Q: My friend was telling me about a high fever that she had. It was up around 104 for several hours. I told her to go to the emergency room but she chose to wait it out. At what point should an adult seek emergency treatment for a fever?
When Foreigner sang, “I’m hot blooded, check it and see. I got a fever of a hundred and three,” he did not go rushing off to the emergency room. But should he have?
Many people use the term “fever” loosely, often meaning that they feel too warm or clammy with chills and sweats. But to be more accurate, you really have to take your temperature.
Fever in an adult is defined as a temperature greater than 100 degrees Fahrenheit taken by an oral thermometer. Fever is one mechanism by which our body helps fight off infections, and in most cases, fevers in healthy adults are due to respiratory or gastrointestinal viruses and are short lived.
Although many people worry that fever can cause harm, these temporary elevations in temperature from 100.4 degrees to 104 degrees are well tolerated by healthy adults. However, a moderate fever such as this can be slightly dangerous to those adults with heart or lung disorders because this can cause elevations in both heart rate and breathing efforts.
Any fever can also worsen the mental status of an adult with an underlying dementia. The symptoms people have during these episodes are due mainly to the condition causing the fever rather than the fever itself.
Extreme temperature elevations are fevers more than 105.8 degrees and may be damaging in adults. A body temperature this high can cause malfunction and ultimate failure of most of our body organs.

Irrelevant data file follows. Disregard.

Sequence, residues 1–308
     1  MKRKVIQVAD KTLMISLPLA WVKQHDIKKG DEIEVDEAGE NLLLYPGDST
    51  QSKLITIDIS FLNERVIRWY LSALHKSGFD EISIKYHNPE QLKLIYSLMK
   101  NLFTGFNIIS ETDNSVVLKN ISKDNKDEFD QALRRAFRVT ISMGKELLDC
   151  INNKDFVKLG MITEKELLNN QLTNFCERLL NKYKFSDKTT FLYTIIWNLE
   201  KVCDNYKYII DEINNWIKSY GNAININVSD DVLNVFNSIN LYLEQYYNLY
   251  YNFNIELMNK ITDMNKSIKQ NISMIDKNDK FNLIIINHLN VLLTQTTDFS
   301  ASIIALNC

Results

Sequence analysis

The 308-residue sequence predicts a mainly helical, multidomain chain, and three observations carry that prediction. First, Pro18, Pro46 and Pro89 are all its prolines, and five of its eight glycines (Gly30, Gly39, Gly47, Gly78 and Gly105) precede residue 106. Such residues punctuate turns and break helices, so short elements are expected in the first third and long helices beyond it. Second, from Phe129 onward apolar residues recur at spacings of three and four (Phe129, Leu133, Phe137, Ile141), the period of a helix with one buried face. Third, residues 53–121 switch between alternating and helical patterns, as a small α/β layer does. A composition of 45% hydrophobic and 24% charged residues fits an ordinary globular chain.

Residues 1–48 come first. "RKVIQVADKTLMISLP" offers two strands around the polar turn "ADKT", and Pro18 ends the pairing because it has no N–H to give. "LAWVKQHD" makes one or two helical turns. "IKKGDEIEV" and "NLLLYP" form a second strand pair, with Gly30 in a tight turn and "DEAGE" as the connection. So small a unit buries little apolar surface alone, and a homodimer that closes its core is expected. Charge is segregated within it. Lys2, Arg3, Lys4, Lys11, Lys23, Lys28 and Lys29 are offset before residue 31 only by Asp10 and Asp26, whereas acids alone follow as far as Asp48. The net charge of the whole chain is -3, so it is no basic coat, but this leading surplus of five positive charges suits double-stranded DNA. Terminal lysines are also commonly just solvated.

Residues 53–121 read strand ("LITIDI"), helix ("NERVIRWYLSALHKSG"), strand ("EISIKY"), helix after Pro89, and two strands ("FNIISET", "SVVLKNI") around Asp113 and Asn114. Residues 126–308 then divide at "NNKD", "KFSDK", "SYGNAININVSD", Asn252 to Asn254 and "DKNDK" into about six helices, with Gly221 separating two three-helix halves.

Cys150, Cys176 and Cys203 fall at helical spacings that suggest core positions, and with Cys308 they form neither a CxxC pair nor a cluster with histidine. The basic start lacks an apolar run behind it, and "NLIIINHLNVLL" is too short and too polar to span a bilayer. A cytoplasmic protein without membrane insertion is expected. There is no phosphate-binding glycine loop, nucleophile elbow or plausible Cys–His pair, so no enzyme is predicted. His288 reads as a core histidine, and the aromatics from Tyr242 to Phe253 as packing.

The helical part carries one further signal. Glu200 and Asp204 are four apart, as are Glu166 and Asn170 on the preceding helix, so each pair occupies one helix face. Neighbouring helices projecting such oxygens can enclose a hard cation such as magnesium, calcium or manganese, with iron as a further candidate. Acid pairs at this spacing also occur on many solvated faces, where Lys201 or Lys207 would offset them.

Although these extreme elevations can be a result of severe infections such as sepsis, malaria or meningitis, they are more commonly found with heatstroke or certain drugs. Drugs that cause extreme fever include cocaine, amphetamines, PCP, anesthetics and antipsychotic medications.
Infection is not the only cause of fever. Other less common causes include a reaction to a drug, an inflammatory condition, an allergic reaction or even undetected cancer.
If a fever in an adult lasts four days or less, the overwhelming likelihood of the origin is an infection. Recurrent or long-lasting fevers make inflammatory conditions like rheumatoid arthritis and lupus or cancers like leukemia or lymphoma more probable.
In adults with a fever, there are certain warning signs that make me more concerned about getting checked by a doctor right away. These include confusion, severe headache with a stiff neck, low blood pressure, rapid heart rate or rapid breathing. These could all be signs of a serious infection requiring immediate medical intervention.
Also, those adults who have traveled to an area where there are serious infectious diseases like malaria or those who have low immune systems from other medical conditions or medications should also call their doctor right away.
Because fever does help the body fight off infection and most fevers aren’t dangerous, there is some debate over whether to treat the fever itself. Most adults with mild fever do feel better when treated with Tylenol, aspirin or other anti-inflammatories, lots of cool fluids, and a lukewarm bath.
Peggy Lee sang, “When you put your arms around me, I get a fever that’s so hard to bear. You give me fever when you kiss me, fever when you hold me tight.” Regardless, please call your doctor if any fever lasts more than four days.
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